Informal Science Director (Two Candidates)
Sherry Burch has 7 years of experience teaching middle school science and 2 years of experience facilitating engineering education with adults. Sherry has served as a coach to other educators in her role as a TOSA and also as an Engineering Education Leader. Currently, a project manager at The Tech Museum of Innovation in San Jose, Sherry is co-developing systems to help school districts and their community partners align and articulate STEM education opportunities K-12.
If I could do one thing for education, I would transform the thinking that science is something separate into the realization that life is integrated and just learning about the world is science. I have dedicated my career to teaching children and adults that science is a tool they already use in their daily lives and empowering them to delve deeper, to develop their scientific mind. Wherever science education is happening, the teacher and the student should be focused on the process and practicing critical thinking as apply their learning the real world.
It takes a village to raise the next generation of scientific thinkers, CSTA serves as the meeting place for this village. Whatever grade-level or setting science is being taught in, CSTA can support those educators with resources, recognition, and relationships. However, with educators facing new challenges every day, they need organizations like CSTA to serve as a beacon for the issues that matter, issues like science literacy, whether science is something they love or not. We may not be able to make everyone love science, but we can help to make sure they get the chance.
Sasha is the Education Manager at the San Diego Zoo Safari Park. She has worked in various positions in her 19 years with San Diego Zoo Global but has most enjoyed serving in an educational role. Sasha has experience working with field trip programs, summer camps, teen volunteers, and grant writing and delivery, with recent success leading a team that has connected formal and informal content to create a cohesive NGSS and Common Core-aligned interdisciplinary curricula that are currently being tested in an Escondido K-8 school. Sasha believes science learning is critical in helping students have a meaningful educational experience.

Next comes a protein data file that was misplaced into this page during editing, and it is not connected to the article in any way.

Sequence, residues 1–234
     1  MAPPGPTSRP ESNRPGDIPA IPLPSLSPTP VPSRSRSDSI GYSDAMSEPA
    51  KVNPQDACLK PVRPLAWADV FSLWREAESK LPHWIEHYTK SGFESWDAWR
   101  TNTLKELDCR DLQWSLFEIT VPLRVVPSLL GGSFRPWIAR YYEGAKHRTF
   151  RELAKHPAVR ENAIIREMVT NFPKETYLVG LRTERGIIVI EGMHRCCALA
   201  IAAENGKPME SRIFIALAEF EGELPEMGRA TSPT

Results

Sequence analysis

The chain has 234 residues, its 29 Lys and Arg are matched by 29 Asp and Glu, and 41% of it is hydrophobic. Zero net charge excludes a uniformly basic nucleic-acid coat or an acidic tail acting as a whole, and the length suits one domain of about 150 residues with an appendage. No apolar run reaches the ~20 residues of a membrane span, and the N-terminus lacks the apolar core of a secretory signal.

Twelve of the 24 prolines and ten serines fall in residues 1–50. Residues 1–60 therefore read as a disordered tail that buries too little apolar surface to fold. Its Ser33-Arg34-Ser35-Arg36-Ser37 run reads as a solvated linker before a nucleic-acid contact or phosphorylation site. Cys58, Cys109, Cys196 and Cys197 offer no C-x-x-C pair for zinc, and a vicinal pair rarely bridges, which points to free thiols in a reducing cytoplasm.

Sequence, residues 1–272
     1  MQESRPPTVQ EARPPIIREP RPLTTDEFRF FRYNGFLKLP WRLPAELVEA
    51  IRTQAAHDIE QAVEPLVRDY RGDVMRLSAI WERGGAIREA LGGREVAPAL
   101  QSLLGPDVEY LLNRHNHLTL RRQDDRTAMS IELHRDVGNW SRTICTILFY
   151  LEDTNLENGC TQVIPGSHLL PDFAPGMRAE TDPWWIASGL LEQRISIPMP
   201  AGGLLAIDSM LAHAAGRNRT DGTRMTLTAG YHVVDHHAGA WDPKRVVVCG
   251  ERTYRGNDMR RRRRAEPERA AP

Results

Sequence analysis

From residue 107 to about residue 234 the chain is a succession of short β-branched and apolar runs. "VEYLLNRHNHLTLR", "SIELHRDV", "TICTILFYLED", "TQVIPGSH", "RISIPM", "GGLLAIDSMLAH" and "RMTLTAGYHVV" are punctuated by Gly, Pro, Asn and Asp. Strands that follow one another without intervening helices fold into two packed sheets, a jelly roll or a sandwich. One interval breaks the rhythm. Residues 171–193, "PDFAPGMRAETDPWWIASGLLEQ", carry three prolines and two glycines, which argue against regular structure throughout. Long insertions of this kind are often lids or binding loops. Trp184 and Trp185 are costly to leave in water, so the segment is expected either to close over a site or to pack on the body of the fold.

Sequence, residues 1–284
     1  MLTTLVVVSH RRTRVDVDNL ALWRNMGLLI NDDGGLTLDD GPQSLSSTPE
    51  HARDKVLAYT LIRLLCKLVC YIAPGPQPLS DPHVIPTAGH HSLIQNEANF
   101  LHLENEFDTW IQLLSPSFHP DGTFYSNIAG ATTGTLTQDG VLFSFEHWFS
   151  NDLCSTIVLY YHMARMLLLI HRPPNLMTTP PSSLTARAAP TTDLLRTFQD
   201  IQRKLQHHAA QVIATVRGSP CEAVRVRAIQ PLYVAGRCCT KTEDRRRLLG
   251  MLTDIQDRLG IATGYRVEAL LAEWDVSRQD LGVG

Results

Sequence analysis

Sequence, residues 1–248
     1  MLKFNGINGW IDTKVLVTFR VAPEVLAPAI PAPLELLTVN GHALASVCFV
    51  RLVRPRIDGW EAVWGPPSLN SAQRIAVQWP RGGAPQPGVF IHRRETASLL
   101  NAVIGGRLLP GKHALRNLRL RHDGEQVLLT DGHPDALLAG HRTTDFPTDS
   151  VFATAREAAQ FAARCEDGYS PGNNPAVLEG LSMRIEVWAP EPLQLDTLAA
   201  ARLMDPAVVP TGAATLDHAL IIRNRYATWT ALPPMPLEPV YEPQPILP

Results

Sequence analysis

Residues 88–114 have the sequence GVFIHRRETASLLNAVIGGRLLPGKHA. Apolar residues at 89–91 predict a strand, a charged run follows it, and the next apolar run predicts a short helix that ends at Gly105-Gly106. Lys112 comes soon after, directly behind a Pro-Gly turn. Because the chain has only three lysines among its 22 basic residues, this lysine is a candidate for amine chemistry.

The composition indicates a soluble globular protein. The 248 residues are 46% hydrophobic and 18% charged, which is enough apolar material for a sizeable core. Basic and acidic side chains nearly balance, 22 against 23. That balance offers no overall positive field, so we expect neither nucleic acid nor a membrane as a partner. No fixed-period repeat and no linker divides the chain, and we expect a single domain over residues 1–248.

My philosophy regarding science education is that science is a critical part of our lives every day, and helping students connect their personal experiences or interests with scientific phenomena is the key to helping them excel in science. Furthermore, I believe that science does not stand on its own; math, literature, art, history, social studies, and many other subjects are all important aspects of science. This allows the possibility of teaching science in multidisciplinary lessons that encourage students to indulge their curiosity about the world, even those who believe they don’t “like” or aren’t “good” at science.
I believe that the role of CSTA is to serve as a resource for educators, both formal and informal, regarding best practices, new strategies and ideas, inspiration, and opportunities for both themselves and their students. CSTA also serves as a representative of science teachers and science education, helping to ensure that decision-makers understand the importance of science education. I envision CSTA as a leader in providing quality experiences, opportunities, resources, and representation for teachers, students, and all who believe in the importance of science as a lifelong pursuit.
Primary Director (One Candidate)